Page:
Children and parents forcibly separated at the US-Mexican border under Donald Trump's policy of "zero tolerance" are showing signs of severe psychological trauma and mental health disorders that have endured even after they were reunited, a new study has found.
Physicians for Human Rights (PHR) have released the first qualitative analysis to be carried out on the mental health effects of Trump's highly contentious policy of enforced family separation which provoked outrage and condemnation around the world.
Between 2017 and 2018, the US government under Trump's direction separated more than 5,000 children - the youngest just four months old - from their parents as an act of deterrence to other would-be asylum seekers fleeing violence and persecution in Central America. As of September, 1,677 children had yet to be reunited with their parents, including 381 children whose status and whereabouts were unknown.
In its groundbreaking new study, PHR brought together trained clinical experts including psychologists, psychiatrists and pediatricians to delve into the medical and legal documents of 31 of the children and parents subjected to family separation. The study group comprised asylum seekers from Honduras, Guatemala and El Salvador and included 19 parents and 12 children of whom the youngest was six at the time they were wrenched from their families.
The clinicians diagnosed all the individuals contained in the study group with at least one mental health condition arising from the suffering they faced fleeing their countries of origin combined with the devastating trauma of being torn apart from their families by US border agents. The most common conditions were post-traumatic stress disorder (PTSD), major depressive disorder and generalized anxiety.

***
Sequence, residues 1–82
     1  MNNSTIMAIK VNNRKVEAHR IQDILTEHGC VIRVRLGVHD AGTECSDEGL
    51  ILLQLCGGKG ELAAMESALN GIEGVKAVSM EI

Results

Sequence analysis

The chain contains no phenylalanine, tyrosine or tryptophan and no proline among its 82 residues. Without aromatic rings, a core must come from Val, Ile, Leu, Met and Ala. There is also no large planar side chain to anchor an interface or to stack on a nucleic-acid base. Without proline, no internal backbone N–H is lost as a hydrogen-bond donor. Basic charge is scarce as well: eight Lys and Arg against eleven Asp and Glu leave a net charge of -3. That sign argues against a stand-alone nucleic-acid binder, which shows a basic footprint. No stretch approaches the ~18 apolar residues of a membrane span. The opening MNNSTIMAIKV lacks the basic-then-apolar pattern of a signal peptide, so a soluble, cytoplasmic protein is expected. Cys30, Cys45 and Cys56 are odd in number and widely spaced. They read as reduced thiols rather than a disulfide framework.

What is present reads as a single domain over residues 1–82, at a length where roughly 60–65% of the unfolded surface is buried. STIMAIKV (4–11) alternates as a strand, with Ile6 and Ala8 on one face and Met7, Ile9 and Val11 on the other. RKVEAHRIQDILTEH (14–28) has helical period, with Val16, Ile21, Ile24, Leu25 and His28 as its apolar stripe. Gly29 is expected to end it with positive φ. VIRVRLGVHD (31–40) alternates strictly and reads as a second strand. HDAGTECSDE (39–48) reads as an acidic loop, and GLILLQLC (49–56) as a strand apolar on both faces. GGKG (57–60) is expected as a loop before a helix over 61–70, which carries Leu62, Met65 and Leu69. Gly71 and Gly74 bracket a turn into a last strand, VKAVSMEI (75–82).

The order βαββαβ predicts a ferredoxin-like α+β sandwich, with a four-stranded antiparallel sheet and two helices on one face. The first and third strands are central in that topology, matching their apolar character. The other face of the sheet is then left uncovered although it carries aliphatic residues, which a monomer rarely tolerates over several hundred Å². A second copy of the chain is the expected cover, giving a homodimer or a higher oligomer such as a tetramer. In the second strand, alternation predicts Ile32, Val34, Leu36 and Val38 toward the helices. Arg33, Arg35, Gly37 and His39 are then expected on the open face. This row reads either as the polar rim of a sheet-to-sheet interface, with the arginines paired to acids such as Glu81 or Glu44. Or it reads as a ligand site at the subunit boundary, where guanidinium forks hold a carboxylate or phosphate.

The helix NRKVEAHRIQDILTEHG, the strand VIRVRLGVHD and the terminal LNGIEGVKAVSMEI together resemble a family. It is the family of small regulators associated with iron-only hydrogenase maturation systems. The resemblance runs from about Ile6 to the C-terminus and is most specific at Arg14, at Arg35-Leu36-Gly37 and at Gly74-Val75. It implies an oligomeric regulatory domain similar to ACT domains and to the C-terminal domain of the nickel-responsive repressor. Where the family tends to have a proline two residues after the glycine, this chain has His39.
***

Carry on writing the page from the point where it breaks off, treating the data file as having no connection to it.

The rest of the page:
The most shocking finding was that severe psychological distress continued in some cases long after parents and children had been brought back together. A Guatemalan girl aged six was suffering from PTSD a year after she had been reunited with her parents, while an eight-year-old boy displayed severe symptoms of PTSD and separation anxiety two years later.
The clinicians recorded a range of symptoms that frequently arise following traumatic experiences, including feelings of confusion and panic, depression, frequent crying, nightmares and other sleep problems, and loss of appetite. Among the children, several displayed regressive behaviour such as crying, clinging to parents or caregivers, incontinence and uncontrollable fear.
PHR said that the overall conclusion of its study was that US officials intentionally inflicted severe pain and suffering on Central American asylum seekers in order to punish and coerce them not to pursue asylum claims. The report said that the actions of US immigration agents amounted to torture and cruel and inhumane treatment as defined under international law.
"This analysis shows the trauma and agony endured by parents and children who were forcefully separated from one another, and the compounding toll that trauma takes on both mental and physical health, lingers with these individuals for weeks, months and years after they've been reunited," said Ranit Mishori, PHR's senior medical adviser and co-author of the study.
Mishori added: "The forced family separation policy violated human rights, and resulted in severe and long-lasting psychological harm."
As one of his first moves as president, Joe Biden set up an interagency taskforce to oversee the reunification of families separated by his predecessor. The Biden administration is in talks over possible financial compensation to the families who were affected, though there has been some confusion over the scale of the payments.
PHR said that its study underlined the urgent need for mental health treatment for the parents and children. It called on the Biden administration to follow through on reparations, including a formal apology from the US government, a financial settlement and prosecution of the officials who executed the zero tolerance policy.